Yet again the ‘two-nation’ trend is evident in the UK grocery market, as figures today show discounters Aldi & Lidl and upmarket chain Waitrose are all outperforming their rivals.
While the top four supermarket chains – Tesco, Asda, Sainsbury’s & Morrisons – could each only muster sales growth of just three per cent of less in the 12 weeks to May 13th 2012, Aldi and Lidl posted double digits increases of 25.4 per cent and 11.3 per cent respectively.
The latest data from research firm Kantar Worldpanel shows that the overall grocery market grew just 3.1 per cent over the quarterly period, and in fact declined one per cent over the last four weeks, making the performance of the discounters, and Waitrose, which saw sales rise seven per cent over the period, all the more impressive.
Over the same 12 weeks last year the market grew five per cent year-on-year, however this period had the advantage of surprisingly good weather and the Royal Wedding to boost sales.
Edward Garner, Director at Kantar Worldpanel, commented: “On the face of it, the declines in market growth might seem alarming but there are exceptional factors.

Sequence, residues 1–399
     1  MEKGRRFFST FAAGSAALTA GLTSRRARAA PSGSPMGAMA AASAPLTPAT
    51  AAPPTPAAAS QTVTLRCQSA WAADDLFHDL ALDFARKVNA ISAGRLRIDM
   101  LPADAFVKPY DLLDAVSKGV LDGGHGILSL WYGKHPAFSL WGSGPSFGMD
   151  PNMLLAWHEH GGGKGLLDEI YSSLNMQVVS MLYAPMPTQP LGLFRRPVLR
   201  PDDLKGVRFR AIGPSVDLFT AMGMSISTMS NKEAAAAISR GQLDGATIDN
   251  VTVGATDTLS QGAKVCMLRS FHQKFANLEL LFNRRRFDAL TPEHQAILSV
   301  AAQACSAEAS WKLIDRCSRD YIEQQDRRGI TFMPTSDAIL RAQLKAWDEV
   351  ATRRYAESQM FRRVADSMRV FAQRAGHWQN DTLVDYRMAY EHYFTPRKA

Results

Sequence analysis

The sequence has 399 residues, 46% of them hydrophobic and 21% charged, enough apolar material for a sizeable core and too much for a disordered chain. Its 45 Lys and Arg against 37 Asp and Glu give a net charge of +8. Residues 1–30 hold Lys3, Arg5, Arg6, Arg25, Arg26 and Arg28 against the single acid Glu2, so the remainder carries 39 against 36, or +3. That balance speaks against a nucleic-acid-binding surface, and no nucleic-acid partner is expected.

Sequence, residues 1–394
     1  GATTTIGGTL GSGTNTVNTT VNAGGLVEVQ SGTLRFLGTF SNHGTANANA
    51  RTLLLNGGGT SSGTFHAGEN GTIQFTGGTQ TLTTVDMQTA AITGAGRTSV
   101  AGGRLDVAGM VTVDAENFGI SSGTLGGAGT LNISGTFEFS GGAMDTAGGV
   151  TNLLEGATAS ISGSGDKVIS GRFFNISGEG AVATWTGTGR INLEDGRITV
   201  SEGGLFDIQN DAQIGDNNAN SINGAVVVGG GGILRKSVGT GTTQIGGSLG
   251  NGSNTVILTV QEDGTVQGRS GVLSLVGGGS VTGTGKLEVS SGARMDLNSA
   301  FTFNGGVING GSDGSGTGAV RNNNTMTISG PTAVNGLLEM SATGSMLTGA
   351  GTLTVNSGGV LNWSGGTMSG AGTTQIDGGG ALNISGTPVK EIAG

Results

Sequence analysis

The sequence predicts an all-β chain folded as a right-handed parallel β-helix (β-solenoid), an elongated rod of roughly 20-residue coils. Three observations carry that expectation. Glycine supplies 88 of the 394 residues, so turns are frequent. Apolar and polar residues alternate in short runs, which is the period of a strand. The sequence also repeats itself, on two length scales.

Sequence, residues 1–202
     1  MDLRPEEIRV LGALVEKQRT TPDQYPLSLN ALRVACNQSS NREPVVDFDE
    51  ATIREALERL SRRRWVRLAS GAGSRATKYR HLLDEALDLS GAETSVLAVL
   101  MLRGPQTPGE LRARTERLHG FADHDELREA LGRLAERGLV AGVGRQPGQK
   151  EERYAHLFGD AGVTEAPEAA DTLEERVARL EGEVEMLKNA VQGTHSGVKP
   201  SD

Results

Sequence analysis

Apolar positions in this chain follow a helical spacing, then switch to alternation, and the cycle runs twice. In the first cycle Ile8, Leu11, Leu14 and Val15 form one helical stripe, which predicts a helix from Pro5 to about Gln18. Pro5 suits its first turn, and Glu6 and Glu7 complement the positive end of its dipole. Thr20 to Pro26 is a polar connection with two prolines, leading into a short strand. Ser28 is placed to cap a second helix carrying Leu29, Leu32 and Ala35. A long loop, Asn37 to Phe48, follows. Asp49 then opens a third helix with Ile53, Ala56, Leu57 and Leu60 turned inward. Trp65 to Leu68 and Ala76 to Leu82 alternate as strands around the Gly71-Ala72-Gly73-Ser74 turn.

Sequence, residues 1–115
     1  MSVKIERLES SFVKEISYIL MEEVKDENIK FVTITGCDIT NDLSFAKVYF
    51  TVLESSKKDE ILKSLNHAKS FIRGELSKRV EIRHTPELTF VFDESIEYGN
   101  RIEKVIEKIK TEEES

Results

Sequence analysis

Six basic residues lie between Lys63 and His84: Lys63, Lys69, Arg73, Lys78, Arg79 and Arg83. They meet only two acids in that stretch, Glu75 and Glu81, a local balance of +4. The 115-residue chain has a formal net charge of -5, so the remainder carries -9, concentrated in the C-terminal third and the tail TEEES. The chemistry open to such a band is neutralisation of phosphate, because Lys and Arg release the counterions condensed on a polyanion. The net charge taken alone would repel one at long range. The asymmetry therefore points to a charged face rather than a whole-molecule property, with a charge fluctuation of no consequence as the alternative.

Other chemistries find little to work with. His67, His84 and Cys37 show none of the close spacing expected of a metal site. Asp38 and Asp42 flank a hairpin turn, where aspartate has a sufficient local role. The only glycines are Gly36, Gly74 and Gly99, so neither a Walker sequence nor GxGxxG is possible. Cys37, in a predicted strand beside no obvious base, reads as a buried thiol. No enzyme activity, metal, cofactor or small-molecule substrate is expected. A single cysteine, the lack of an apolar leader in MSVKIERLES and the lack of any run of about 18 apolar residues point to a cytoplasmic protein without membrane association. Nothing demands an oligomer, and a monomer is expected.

“Easter and the Royal Wedding helped year-on-year growth soar to a remarkable 7.6 per cent in the four weeks leading up to May 15 2011 – a hint of what’s to come over the Jubilee weekend.
“Comparing the current figures with the same period two years ago, the four week growth stands at 6.5 per cent. This is actually in line with long-term trends and shows 2011 as the anomaly.”
Tesco still have a commanding 30.8 per cent slice of the grocery market, although this is down slightly from 31.1 per cent over the same period in 2011, and they are followed by Asda with a 17.4 per cent slice, Sainsbury’s with 16.5 per cent and Morrisons with 11.9 per cent.
Both Aldi & Lidl hold record shares of 2.8 per cent each, while the Waitrose tranche has jumped slightly to 4.5 per cent, just behind The Co-operative which has 6.5 per cent.
Garner added: “The ongoing strong performances of Aldi and Lidl have led some commentators to believe that consumers are deserting conventional stores for the discount sector.
“However, a more realistic picture of shopper behaviour shows that many consumers are continuing to do their main shopping trip in their usual store, but spending the remainder of their household budget on the discounters.”